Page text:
Fallows writes that this is an age of “truthiness.” The age of mass misinformation is upon us. I remember reading about the age of yellow journalism for a high school history class. We were assigned to read Upton Sinclair’s The Jungle. We all know the story Sinclair tells. Like his book, the news of those times was written to support a certain viewpoint or perspective. I have often wondered where are the critics of today’s yellow journalism. How is Fox News that much different from the Hearst version of news in 1916? The difference is not apparent to me. However, Americans are less likely to care. We have much lower standards for everything. It is almost as though Vietnam and Nixon were the beginning of the end of American optimism and a sense of real decency. It is as though those two pivot...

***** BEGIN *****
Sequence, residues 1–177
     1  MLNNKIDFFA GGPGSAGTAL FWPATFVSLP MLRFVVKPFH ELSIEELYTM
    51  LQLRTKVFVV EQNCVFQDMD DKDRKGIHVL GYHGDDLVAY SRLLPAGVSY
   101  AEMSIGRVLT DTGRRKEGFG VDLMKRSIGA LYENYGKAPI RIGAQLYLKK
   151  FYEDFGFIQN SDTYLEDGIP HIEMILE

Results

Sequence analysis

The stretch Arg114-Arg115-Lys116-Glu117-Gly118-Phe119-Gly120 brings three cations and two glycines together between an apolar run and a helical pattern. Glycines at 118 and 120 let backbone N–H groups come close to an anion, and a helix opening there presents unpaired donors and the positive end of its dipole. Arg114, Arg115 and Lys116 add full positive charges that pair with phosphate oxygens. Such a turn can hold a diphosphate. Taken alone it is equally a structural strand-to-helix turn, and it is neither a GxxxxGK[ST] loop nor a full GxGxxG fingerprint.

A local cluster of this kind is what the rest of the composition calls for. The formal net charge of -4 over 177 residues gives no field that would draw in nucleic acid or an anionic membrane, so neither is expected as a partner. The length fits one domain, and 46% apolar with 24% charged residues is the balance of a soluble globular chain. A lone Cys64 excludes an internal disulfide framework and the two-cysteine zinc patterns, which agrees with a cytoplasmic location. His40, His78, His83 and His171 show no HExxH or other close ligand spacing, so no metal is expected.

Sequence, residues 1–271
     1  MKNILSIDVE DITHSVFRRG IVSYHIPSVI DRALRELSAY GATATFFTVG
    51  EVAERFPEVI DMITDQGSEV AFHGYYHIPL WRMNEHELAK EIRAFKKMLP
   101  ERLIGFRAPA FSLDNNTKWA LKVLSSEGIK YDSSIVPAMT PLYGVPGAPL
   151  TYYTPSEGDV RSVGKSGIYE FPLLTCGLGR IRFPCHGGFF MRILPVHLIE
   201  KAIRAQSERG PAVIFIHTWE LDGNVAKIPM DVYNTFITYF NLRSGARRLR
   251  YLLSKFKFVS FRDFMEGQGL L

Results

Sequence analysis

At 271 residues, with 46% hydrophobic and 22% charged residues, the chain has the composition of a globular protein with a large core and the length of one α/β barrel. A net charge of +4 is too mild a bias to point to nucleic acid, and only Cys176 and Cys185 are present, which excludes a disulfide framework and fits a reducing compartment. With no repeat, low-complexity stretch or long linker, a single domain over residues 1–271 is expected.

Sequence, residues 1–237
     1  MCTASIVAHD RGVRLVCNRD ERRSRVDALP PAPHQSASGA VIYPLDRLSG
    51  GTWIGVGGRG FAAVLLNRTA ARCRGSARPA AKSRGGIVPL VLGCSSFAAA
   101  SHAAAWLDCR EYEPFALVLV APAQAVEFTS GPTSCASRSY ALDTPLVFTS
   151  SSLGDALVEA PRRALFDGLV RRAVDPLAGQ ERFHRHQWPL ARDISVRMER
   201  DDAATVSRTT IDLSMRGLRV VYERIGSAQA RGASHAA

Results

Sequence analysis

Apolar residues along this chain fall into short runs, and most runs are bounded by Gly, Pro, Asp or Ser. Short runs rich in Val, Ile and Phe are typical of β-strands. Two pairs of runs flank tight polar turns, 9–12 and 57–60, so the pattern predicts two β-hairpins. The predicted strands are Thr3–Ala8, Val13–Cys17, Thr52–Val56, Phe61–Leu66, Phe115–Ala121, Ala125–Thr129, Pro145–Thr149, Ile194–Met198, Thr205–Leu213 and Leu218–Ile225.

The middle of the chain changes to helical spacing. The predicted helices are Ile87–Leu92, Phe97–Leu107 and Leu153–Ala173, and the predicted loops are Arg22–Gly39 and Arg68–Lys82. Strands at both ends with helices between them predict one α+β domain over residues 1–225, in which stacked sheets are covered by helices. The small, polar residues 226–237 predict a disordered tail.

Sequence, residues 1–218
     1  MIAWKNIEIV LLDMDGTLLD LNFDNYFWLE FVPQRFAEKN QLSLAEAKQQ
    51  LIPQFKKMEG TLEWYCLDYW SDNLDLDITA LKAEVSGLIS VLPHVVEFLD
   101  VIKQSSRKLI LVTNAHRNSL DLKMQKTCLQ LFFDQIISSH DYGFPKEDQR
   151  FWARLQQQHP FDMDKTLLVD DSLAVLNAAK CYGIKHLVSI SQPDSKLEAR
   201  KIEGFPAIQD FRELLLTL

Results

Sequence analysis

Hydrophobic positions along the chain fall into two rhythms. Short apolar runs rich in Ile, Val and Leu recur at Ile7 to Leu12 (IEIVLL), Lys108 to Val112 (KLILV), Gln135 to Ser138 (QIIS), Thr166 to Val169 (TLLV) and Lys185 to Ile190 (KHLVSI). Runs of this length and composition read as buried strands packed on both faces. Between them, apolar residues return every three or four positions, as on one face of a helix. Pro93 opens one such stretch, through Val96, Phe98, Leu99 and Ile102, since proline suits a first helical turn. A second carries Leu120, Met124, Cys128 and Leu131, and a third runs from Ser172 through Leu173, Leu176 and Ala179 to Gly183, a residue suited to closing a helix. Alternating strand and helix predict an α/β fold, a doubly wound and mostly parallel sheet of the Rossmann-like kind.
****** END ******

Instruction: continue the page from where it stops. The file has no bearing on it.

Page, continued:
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...xistence as a nation have more to do with our economic viability and thus our ability to provide necessary services to each other and our communities? I would say that given the recent tragedies in Japan, it seems apparent to me that our very existence might depend more upon our economic solvency. If we have the resources, we need to rebuild our infrastructure. We need to reinforce our nuclear plants. We need to retrain and support our emergency responders. We need to make sure that we can survive the unthinkable, because that seems a more likely threat. The Media is following the dollars and perhaps so should our government. I am not arguing Fallows’ point. Instead, I am more concerned with what comes next. Perhaps we have to leave behind what we know in order to discover what is to come.
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